Dating violence is all too common for many teenagers and young adults today. According to the Centers for Disease Control, 1 in 10 teens report being intentionally hit or physically abused by a dating partner at least once in the last 12 months. And nearly 50 percent of all young people say they know friends who have been verbally abused by a dating partner.
February is Teen Dating Violence Awareness Month and it’s a good reminder to parents to check in with their student and make sure they are involved in safe dating relationships.
Most dating relationships begin and end (relatively) harmlessly, albeit a broken heart or two, but here are a few danger signs to look out for, when something other than teen drama may be at stake.
Obsession and Possession
Some teenagers, when involved in their first relationship, may become obsessive and possessive of their dating partner. If your student has lost interest in hanging out with other friends, seems anxious when their significant other is not around, and constantly has to check in with their girlfriend or boyfriend or needs to check up on them, they may be in an obsessive relationship.
Whether your son or daughter is the one being obsessive or is in a relationship with a possessive partner, this behavior is extremely unhealthy. It can lead to a decrease in academic performance, increase in anxiety or depressive tendencies, and emotional problem. Talk to your son or daughter about the healthiness of their relationship. Encourage time apart and spending time in other activities or with other friends. If there is stalking involved, or you think there may be more intense or dangerous controlling and possessive behaviors happening, you may want to seek outside help.
According to, Teen Dating Violence.org, one quarter of high school girls have been victims of physical or sexual abuse or date rape. You can help your student avoid this by talking to them about this issue.
Just as important as talking to your teenager about safe sex practices, talk to them about consent. A “maybe” or “if you really want to” or even silence is not a “yes.” Talk to your teenagers about saying no and being resistant to coercion, and how to get help if he or she is being abused or pressured into doing things they don’t want to do.
Talk to your son about respecting women and that the violence he sees presented in the media is not “normal” or healthy behavior. Does your daughter’s boyfriend not seem to want to be around his girlfriend’s parents or family? Does your daughter seem ashamed or embarrassed when talking about him, or tries not to talk about him at all? Is there evidence of sexual conduct taking place – closed doors, birth control, or avoidance of family? Talk to your son or daughter and make sure that they understand what constitutes as sexual abuse, and that whatever contact that is taking place is completely consensual and practiced safely.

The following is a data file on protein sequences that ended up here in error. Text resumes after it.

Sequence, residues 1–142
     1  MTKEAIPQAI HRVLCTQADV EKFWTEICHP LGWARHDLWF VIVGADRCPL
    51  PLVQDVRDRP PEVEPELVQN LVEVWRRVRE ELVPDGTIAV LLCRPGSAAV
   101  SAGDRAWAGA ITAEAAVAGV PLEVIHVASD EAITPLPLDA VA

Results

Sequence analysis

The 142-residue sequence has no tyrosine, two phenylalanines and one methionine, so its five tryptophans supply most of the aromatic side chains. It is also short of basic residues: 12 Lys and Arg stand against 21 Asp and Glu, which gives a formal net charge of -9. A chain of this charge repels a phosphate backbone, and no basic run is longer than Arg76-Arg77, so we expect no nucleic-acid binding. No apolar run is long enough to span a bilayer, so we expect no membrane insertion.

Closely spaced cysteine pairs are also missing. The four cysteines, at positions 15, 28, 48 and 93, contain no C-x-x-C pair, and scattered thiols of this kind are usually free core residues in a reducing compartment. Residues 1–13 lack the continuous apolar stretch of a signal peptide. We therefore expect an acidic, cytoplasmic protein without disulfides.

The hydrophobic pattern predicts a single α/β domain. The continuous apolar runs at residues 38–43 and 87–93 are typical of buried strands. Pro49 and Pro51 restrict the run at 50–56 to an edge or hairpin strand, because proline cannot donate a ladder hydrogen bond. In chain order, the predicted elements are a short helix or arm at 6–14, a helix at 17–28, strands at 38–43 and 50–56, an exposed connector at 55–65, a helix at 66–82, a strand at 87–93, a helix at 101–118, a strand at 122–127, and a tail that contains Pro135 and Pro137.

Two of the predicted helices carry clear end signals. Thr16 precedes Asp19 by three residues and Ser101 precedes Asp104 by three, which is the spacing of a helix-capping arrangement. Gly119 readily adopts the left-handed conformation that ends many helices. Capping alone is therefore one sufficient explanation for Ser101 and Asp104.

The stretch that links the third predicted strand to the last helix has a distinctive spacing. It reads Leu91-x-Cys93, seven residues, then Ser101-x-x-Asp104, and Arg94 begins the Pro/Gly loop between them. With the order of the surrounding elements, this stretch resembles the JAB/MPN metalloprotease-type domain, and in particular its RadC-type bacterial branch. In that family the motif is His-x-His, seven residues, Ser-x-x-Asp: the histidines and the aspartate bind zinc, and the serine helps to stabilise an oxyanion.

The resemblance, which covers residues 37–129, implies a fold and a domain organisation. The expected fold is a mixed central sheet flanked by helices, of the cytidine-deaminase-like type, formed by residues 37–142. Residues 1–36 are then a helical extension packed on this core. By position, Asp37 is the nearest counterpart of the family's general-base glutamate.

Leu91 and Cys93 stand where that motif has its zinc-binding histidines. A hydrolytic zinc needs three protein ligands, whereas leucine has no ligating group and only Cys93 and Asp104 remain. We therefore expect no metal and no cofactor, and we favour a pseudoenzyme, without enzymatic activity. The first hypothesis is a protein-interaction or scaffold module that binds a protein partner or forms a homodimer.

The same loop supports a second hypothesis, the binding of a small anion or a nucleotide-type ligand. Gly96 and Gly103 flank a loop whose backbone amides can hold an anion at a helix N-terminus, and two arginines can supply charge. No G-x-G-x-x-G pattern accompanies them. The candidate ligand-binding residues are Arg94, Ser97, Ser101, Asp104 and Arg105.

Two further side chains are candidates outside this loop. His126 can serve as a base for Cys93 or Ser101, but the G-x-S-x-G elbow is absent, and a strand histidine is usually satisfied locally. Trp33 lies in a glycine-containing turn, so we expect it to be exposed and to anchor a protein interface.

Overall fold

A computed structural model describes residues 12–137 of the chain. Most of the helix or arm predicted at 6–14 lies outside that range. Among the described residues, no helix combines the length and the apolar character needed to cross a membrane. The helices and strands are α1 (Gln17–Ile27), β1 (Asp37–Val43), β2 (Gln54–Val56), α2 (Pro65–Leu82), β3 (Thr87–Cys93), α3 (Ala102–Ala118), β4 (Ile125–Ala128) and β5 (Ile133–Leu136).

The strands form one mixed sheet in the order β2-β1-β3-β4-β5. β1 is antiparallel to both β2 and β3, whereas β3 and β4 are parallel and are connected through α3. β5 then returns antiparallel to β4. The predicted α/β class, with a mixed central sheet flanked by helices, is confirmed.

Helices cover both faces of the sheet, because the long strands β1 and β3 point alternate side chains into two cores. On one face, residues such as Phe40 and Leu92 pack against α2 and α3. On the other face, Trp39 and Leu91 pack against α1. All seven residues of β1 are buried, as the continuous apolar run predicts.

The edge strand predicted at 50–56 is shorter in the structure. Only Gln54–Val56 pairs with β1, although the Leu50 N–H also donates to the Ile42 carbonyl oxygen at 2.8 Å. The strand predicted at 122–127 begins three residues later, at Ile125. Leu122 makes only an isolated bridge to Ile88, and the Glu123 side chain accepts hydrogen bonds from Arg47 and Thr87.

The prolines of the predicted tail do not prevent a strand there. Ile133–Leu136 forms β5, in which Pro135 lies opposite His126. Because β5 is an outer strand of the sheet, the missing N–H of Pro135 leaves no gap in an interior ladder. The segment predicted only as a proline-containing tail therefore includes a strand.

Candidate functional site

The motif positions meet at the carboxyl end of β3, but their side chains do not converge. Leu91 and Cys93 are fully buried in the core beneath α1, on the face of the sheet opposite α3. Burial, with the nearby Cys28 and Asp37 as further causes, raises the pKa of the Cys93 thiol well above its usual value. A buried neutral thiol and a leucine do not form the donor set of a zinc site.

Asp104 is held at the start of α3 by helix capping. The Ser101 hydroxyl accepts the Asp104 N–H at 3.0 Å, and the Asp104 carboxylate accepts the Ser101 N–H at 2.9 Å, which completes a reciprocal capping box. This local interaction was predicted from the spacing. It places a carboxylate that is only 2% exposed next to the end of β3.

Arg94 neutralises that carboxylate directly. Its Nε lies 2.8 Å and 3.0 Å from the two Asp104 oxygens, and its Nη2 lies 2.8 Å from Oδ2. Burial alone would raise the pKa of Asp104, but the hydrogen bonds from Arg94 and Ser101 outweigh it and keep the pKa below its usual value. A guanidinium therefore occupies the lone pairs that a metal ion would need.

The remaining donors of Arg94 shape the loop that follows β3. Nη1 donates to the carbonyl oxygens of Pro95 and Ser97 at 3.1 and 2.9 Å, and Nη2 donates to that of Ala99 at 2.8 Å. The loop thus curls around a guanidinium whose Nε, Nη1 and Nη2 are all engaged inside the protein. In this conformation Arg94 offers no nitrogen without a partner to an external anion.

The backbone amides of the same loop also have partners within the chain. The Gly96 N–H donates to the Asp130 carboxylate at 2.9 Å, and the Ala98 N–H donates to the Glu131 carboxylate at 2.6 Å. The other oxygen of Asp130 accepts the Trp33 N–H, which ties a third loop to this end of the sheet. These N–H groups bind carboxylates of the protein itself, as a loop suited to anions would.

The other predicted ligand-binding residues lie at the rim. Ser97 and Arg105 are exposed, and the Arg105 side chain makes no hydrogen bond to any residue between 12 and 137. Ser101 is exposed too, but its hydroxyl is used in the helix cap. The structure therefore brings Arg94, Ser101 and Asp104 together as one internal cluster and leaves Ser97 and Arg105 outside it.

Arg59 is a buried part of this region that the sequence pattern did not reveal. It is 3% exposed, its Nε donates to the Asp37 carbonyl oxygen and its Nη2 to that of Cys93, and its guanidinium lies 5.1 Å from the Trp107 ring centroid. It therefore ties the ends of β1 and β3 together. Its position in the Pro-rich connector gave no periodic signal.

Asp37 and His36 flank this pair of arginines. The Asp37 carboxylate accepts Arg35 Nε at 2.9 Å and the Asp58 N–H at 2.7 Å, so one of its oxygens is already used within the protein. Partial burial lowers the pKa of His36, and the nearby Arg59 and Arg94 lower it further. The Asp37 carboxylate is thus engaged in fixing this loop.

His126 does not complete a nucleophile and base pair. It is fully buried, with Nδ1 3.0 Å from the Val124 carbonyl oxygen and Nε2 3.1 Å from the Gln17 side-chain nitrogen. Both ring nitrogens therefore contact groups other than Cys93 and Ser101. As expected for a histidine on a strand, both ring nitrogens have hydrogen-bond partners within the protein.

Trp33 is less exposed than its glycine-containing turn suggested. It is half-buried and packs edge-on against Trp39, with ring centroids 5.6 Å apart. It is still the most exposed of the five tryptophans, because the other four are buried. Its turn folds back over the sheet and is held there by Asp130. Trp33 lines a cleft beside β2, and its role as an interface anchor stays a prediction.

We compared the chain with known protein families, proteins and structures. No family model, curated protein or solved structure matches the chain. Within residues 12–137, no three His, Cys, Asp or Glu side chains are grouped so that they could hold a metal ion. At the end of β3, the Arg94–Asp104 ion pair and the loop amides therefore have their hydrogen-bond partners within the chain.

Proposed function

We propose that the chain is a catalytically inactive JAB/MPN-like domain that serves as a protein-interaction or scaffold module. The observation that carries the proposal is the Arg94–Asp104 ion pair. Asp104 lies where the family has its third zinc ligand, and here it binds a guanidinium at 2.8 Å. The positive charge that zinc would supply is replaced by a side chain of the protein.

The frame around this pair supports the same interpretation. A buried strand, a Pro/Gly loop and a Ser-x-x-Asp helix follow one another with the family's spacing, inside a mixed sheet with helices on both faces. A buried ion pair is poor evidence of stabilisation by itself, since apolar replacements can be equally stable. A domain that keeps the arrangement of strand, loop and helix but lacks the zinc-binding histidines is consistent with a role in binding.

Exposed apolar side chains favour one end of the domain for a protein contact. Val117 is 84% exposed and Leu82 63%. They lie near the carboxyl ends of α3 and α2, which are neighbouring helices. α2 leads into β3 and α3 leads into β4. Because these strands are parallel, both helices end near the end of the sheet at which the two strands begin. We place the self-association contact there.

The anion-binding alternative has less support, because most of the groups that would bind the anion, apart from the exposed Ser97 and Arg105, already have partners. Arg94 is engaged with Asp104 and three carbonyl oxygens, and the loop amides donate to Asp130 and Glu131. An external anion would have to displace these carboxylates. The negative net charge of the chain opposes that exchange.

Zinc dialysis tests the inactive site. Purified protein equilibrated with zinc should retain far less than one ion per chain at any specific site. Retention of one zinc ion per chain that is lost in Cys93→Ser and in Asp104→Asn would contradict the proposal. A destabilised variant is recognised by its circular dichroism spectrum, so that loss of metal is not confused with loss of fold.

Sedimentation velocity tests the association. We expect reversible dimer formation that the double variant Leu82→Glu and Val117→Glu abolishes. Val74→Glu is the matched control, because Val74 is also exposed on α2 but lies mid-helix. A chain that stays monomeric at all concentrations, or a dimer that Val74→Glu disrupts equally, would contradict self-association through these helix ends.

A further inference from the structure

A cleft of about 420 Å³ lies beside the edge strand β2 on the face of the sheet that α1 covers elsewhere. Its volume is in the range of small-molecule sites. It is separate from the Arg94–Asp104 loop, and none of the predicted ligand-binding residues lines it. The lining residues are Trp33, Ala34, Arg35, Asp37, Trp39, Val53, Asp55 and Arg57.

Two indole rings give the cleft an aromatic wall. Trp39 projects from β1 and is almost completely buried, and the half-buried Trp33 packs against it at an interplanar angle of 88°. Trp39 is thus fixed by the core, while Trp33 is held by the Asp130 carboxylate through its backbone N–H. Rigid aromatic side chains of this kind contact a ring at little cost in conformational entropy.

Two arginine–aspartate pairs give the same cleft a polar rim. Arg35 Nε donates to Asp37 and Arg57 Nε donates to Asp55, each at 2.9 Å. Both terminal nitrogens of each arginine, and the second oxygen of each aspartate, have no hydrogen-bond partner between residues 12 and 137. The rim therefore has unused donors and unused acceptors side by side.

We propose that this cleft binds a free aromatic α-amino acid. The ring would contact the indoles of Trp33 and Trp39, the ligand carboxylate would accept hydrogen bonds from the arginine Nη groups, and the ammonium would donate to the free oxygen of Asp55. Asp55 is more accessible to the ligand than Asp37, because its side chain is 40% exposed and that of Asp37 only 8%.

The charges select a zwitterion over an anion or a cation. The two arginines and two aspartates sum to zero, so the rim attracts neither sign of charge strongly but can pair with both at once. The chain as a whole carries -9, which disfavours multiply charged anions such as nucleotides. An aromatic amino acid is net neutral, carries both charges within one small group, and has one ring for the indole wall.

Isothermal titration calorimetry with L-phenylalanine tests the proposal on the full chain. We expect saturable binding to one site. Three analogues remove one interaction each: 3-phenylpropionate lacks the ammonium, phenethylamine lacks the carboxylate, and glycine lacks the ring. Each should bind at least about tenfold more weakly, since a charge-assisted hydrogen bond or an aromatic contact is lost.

Online Dating and Dating Apps
When individuals are in their teens, it is important for them to date people they know in real life, not someone they met on the internet. Many young people are naïve to the dating world and easily manipulated into meeting dangerous people, getting into dangerous situations, and being coerced into doing things that make them uncomfortable. Look for signs that your son or daughter is using online dating sites and apps to find potential partners. Predators target teenagers online because of their inexperience and susceptibility to flattery, believing lies, and giving out personal information. Encourage your son or daughter to date those their own age that they know from school or after school activities, where power is not so much at play. Save the online dating for adult life, when they have more experience and know what to watch out for.
Above all, trust your instincts and be open to talking to your teenager about their dating life and questions or concerns they may have. The more communication happens, the less likely one of these problems will pass through unnoticed.
- What Parents Need to Know About Dating Violence (doorwaysarizona.com)
- How to Help Your Teens Develop Healthy Relationships (doorwaysarizona.com)
- 8 Text Acronyms Teens Use Behind Your Back – Busted! (doorwaysarizona.com)